Lung cancer is one of the most common forms of cancer with an estimated 2.1 million new cases diagnosed every year. It is also the global leading cause of cancer-related death with 1.8 million deaths reported annually.
Currently, there is an unmet need for effective pharmacological therapies for many subtypes of lung cancer, particularly advanced disease where more than 80% of patients are diagnosed.
Proteins that regulate cell survival and growth have emerged as promising drug targets for cancer therapy. The 14-3-3 proteins are crucial in regulating cell signalling to promote cell survival and growth. The majority of lung tumours have increased amount of 14-3-3 protein and enhanced 14-3-3 protein abundance is predictive of poor patient prognosis in Non-Small Cell Lung Cancer (NSCLC). Thus, the inhibition of 14-3-3 proteins is an attractive option for treating NSCLC.
The UniSA research team has developed small molecules that can inhibit the activity of 14-3-3 proteins.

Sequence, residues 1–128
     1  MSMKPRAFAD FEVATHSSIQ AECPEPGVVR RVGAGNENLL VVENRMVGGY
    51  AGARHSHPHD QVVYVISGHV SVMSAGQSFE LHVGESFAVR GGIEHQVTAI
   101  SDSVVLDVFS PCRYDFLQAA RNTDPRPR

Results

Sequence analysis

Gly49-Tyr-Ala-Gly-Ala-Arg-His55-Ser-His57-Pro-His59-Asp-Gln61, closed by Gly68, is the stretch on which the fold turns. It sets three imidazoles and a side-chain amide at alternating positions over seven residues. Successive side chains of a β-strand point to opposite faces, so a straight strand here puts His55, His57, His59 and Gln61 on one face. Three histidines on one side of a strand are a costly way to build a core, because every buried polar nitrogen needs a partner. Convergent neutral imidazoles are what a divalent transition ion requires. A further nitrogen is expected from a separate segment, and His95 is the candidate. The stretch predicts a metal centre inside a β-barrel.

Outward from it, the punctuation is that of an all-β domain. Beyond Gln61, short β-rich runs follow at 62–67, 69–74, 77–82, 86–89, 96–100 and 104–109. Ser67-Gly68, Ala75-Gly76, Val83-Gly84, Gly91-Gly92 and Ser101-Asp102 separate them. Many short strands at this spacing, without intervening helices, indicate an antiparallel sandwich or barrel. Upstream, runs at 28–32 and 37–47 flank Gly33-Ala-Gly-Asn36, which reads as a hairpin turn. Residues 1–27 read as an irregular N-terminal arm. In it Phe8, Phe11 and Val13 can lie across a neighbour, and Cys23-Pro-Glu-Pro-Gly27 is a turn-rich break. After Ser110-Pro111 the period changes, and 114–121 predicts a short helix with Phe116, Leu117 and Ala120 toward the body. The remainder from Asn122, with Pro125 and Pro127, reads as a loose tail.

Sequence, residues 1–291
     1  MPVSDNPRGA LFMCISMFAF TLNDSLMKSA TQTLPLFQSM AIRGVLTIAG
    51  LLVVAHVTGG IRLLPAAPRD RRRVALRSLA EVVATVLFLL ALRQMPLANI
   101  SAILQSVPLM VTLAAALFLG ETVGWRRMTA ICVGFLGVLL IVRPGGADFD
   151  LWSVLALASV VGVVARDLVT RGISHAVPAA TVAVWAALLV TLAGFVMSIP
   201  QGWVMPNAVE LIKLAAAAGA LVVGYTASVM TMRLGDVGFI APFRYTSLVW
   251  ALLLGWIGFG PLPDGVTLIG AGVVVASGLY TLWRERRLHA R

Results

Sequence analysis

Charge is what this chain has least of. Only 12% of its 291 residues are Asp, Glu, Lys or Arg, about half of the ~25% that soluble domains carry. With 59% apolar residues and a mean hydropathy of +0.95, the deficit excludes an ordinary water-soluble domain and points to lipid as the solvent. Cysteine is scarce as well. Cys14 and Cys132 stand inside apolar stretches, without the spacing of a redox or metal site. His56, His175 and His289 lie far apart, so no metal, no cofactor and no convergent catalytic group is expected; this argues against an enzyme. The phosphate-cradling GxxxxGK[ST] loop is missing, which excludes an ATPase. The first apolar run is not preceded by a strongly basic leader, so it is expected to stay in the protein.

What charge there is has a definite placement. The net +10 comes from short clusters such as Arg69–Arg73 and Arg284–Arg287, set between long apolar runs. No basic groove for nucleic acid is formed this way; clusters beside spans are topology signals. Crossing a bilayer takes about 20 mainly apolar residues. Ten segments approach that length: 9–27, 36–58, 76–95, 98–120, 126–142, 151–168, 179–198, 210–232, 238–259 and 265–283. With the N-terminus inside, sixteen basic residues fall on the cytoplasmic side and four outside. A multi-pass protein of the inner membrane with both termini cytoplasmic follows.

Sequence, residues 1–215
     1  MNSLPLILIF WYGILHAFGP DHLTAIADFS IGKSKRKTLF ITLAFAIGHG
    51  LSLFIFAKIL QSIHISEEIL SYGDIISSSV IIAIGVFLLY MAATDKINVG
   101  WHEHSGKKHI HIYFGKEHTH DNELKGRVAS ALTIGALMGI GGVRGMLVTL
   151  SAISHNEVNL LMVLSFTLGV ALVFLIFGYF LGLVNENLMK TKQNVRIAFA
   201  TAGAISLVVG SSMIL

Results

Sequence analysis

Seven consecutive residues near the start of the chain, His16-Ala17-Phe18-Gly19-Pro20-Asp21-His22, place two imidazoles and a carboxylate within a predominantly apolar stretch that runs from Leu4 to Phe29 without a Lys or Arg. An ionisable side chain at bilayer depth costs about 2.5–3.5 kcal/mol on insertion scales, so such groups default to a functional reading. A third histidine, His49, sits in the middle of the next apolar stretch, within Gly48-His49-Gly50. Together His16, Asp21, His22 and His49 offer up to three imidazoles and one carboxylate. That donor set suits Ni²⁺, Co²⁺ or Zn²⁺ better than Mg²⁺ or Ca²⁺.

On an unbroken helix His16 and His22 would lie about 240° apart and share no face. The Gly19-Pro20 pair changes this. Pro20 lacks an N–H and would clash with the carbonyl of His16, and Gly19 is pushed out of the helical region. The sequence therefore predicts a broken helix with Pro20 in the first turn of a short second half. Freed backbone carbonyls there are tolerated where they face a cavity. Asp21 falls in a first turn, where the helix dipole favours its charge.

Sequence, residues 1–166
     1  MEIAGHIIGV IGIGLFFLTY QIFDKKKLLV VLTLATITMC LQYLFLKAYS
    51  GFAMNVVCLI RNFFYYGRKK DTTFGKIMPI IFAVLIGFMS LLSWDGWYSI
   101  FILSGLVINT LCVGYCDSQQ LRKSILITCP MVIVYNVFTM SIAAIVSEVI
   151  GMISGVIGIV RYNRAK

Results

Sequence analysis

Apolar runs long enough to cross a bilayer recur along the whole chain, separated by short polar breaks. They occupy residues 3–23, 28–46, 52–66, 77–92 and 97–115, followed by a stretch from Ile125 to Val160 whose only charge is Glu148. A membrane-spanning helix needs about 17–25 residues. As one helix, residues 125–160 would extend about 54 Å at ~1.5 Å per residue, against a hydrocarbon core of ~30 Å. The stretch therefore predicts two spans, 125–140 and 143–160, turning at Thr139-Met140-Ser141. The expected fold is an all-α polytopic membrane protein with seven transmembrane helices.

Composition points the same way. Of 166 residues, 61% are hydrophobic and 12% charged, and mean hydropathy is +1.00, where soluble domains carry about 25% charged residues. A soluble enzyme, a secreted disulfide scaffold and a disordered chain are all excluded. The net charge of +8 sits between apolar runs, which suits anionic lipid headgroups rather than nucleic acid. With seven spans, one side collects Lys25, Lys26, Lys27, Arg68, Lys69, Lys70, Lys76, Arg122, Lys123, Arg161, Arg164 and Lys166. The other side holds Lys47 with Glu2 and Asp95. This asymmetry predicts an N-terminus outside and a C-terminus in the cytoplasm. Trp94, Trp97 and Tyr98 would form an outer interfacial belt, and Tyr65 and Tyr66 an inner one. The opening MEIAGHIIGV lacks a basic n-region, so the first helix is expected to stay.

Other 14-3-3 inhibitors in development compete with cellular proteins to bind and inhibit 14-3-3 proteins. This competition for binding necessitates the use of an unfeasibly large excess of such molecules to be therapeutically effective.
UniSA’s molecules have the key competitive advantage of not competing with cellular proteins to bind 14-3-3. Moreover, inhibition of 14-3-3 proteins reverses the cancerous state without affecting normal cells.
The therapeutic benefit of our molecules has been demonstrated in multiple cell lines as well as animal models. Further work is underway to establish a comprehensive preclinical data pack towards clinical entry.
The small molecule 14-3-3 inhibitors can be used in the anti-cancer therapeutic market.
The technology is currently filed as a PCT application – WO 2011/120082 A1.
Overview of claims:
A method of modulating the functionality of 14-3-3 using agents which alter the dimeric state of 14-3-3 and induce apoptosis.
We are seeking co-development partners and technology licensees for the development of anti-cancer therapeutics.